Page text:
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Year round Programs


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My DS (age 11-12 in November) has been asked to attend the year round program at Canada's National Ballet School (NBS). We are thrilled and excited and scared to death!!! He wants to go. I would really like him to wait another year. I have read tons of posts on the subject. Lots of people say 11 is too young, others say that you have to let them go if they are asked because this opportunity is too big to refuse. The feedback we got during the interviews was that they really wanted my son to start with them now because while he has been getting excellent technical training where he is it is obvious that he has been dancing with girls. He needs to develop a male flow of movement, learn how to hold his arms like a male dancer, open up the chest....etc. Also, he is starting to grow (huge growth spurt this year) and puberty is around the corner. They want to get him stretching and do the body conditioning boys need before testosterone tightens him up and bulks him up.


I always thought that because boys are so needed in ballet that he would have more time to make this big a move. If he was a girl we know we would be saying yes without any hesitation. ACK!!!!!


Any feedback would be appreciated!!!

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He wants to go.


That's probably the number one reason there that tells me he's ready. And yes, it is just as important for boys to have proper training as it is for girls. :)

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If he is receiving excellent training where he is I would wait. 11 is too young to go away imhop. Tell the home teacher what they said. Wait. My son was invited to ENB at 11 and I politely declined and kept him home. He is about to go away at 16 and has had multiple offers and his pick of schools. If it was a girl I would also be saying NO! My 16 year old female students are also getting offers for year round schools. It is harder yes but they are older and you have a better idea as to wether they might be dancers or not.

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Thank you both for your replies. Still no decision yet. But I am feeling comfortable with choosing not to go, now just have to have a real heart to heart with the boy. I would consider letting him go and try for a year. Wish I had a crystal ball.

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I understand your dilemna. When my son was 13 he wanted to go away. I said no. When he was 14 he wanted to go, again we said no. At 15 he really wanted to go, no again. Now he is 16 and we are letting him go. He is more ready but more importantly, I am more ready. It is a big decision and every family has a different situation.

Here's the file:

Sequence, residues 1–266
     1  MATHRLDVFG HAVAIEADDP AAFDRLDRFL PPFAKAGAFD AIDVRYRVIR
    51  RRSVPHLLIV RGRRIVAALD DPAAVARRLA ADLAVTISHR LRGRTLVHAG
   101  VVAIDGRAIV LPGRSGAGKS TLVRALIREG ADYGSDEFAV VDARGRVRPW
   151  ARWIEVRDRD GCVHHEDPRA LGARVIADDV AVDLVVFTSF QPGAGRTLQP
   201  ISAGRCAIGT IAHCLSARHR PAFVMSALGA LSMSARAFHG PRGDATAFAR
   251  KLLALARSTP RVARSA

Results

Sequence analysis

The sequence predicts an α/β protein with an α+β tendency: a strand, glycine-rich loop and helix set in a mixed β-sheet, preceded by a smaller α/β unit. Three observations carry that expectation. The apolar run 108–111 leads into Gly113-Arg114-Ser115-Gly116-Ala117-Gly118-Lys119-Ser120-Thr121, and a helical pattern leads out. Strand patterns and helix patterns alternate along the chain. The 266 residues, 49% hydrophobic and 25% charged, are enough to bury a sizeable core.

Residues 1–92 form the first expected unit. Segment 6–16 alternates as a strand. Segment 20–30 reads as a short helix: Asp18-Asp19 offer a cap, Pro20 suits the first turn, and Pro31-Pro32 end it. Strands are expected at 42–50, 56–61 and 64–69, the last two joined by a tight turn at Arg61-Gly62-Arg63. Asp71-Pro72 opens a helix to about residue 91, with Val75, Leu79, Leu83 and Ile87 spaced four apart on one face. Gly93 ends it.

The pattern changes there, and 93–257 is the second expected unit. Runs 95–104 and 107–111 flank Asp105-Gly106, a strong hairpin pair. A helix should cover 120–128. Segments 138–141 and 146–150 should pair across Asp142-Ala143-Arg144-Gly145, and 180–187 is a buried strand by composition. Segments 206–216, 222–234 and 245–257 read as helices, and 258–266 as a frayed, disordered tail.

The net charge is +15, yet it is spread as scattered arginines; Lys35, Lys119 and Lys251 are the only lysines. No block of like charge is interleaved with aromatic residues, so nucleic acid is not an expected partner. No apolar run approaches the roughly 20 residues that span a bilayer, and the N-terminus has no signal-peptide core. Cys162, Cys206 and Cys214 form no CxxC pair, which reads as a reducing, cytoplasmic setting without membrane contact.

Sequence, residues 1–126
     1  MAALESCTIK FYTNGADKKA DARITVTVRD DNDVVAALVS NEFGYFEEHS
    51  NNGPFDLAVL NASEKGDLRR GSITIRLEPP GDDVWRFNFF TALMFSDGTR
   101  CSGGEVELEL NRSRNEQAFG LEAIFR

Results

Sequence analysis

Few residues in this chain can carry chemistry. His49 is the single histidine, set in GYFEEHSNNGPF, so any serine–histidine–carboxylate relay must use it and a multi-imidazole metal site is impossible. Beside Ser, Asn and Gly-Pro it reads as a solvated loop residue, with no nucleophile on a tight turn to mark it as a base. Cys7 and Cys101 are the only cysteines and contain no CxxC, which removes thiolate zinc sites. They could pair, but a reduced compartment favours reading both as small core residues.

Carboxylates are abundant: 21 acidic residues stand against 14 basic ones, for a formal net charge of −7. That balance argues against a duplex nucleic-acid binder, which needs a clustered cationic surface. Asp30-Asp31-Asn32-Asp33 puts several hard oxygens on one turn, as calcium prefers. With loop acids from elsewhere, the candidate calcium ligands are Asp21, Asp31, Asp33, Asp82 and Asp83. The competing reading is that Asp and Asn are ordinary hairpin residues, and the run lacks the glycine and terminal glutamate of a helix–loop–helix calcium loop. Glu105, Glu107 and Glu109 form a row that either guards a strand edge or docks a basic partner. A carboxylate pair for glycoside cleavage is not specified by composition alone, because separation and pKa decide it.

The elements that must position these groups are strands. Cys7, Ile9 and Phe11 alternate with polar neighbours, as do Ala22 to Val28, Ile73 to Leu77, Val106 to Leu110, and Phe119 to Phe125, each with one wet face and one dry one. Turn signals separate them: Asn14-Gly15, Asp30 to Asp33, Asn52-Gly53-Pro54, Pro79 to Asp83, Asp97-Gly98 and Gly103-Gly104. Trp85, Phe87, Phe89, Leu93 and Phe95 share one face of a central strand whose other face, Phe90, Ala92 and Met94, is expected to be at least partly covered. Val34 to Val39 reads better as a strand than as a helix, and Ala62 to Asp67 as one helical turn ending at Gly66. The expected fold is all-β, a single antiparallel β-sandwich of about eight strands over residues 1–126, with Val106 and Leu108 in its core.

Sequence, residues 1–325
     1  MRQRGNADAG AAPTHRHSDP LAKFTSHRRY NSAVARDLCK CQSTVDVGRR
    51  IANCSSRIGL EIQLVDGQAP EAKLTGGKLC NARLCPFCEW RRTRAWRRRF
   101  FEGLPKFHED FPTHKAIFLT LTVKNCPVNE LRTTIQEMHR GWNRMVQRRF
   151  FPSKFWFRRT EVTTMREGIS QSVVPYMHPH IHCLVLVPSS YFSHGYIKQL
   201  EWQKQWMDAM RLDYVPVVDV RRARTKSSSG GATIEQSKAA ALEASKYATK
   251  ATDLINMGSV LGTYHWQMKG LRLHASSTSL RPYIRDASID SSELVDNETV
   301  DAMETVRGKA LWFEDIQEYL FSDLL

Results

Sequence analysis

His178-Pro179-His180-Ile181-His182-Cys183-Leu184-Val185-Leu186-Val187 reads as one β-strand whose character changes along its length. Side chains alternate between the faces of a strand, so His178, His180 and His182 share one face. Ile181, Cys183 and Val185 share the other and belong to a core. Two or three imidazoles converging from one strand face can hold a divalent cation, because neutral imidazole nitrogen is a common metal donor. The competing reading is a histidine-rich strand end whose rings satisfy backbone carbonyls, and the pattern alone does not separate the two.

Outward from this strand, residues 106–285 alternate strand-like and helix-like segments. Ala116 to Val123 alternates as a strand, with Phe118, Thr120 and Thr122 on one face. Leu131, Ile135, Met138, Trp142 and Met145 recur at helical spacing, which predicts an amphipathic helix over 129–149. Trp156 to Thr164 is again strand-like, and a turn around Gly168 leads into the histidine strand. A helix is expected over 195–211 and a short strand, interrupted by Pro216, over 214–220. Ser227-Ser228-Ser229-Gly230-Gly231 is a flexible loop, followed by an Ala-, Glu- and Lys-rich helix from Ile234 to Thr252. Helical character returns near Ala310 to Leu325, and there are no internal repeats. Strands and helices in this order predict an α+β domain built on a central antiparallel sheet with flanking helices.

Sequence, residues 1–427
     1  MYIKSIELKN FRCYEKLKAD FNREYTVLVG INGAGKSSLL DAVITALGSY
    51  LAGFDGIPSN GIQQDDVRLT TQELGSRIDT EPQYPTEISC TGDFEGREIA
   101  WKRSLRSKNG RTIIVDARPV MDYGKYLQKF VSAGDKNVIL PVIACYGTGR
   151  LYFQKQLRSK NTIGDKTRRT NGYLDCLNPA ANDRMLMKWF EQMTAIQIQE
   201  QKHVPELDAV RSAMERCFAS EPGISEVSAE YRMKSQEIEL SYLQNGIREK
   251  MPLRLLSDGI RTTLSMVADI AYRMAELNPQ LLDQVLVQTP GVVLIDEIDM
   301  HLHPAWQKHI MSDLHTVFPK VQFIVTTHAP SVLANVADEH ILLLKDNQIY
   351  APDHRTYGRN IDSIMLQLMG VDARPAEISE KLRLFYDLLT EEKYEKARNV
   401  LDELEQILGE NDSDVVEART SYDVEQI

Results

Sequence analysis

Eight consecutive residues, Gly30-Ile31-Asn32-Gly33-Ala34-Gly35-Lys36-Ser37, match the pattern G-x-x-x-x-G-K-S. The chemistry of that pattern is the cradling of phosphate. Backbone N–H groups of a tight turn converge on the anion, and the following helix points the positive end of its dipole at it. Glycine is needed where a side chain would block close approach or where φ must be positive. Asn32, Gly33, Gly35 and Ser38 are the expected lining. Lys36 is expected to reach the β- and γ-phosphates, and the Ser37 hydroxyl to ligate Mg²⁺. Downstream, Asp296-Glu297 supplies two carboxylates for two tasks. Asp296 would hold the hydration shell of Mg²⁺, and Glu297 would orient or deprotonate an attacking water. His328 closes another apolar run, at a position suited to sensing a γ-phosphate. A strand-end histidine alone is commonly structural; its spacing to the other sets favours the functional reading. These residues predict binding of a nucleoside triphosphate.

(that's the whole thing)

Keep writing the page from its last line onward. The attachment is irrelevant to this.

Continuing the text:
You know your family dynamics and your son so you have to make your own decision. I could not have let my child go at 11 but maybe your situation is different. When my son was 10 he danced with a boy who left to go the Royal Danish Ballet at 10. Not only away, but a different continent. He has thrived and is still there.


So good luck with your decision.

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In most cases I would agree that dancers should not leave home before 16, and in taoofpooh's case, I agree that waiting a year or more will not be a problem as NBS has stated that his current technical training is excellent. However, what concerns me is that they can tell from his dancing that he is training with girls. Nothing wrong with co-ed ballet classes, but does his current school offer men's training starting around age 14 or so? If not, he will most likely have to change schools (which does not necessarily mean leaving home unless there is nothing closer) before age 16, speaking strictly in terms of training. Whether this works for the student and family is another, more important issue on which I cannot offer an opinion (taoofpooh knows her family better than I!) but as far as training goes that is what I think based on the information given.

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We are in Western Canada. There are not that many boys. My kids are at the best school in town which is affiliated with the ballet company. My son is the only boy in his class. Two years ago there were three of them, one went to NBS the other to a local school due to family circumstances. There is a good boys class for the little boys and there is a boys class (although not daily) for the pre-professional program. The problem seems to be the middle years. It is based on finances, too few students makes it unfeasible to run a class.

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DS had few boys at his studio but was never told that he danced too much like a girl. He was actually the only male in his level for a few years. But his instructor liked working with boys. Perhaps by letting the instructor know what was said, she will be better able to focus on those issues and help your son change some of his habits. We have seen that it is very possible for a boy to go to a studio - as the only boy and with only female instructors - and still end up with a contract upon completion. No men's classes during the year - just summer programs to supplement.


DS wanted to go away at 11 and we said no. By 13 and 14 we would've let him go away but he really wasn't interested. Those are tough years (especially 13) and home was the one consistent thing he could count on. I'm glad that he was home and had a "safe" place each night to vent and complain and just be alone. Now at almost 15 he's ready to make that move and so are we. Actually we think he'd be OK at his old studio, but there are logistical and school issues that make a move to a residency a much more viable option.

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Knock, Knock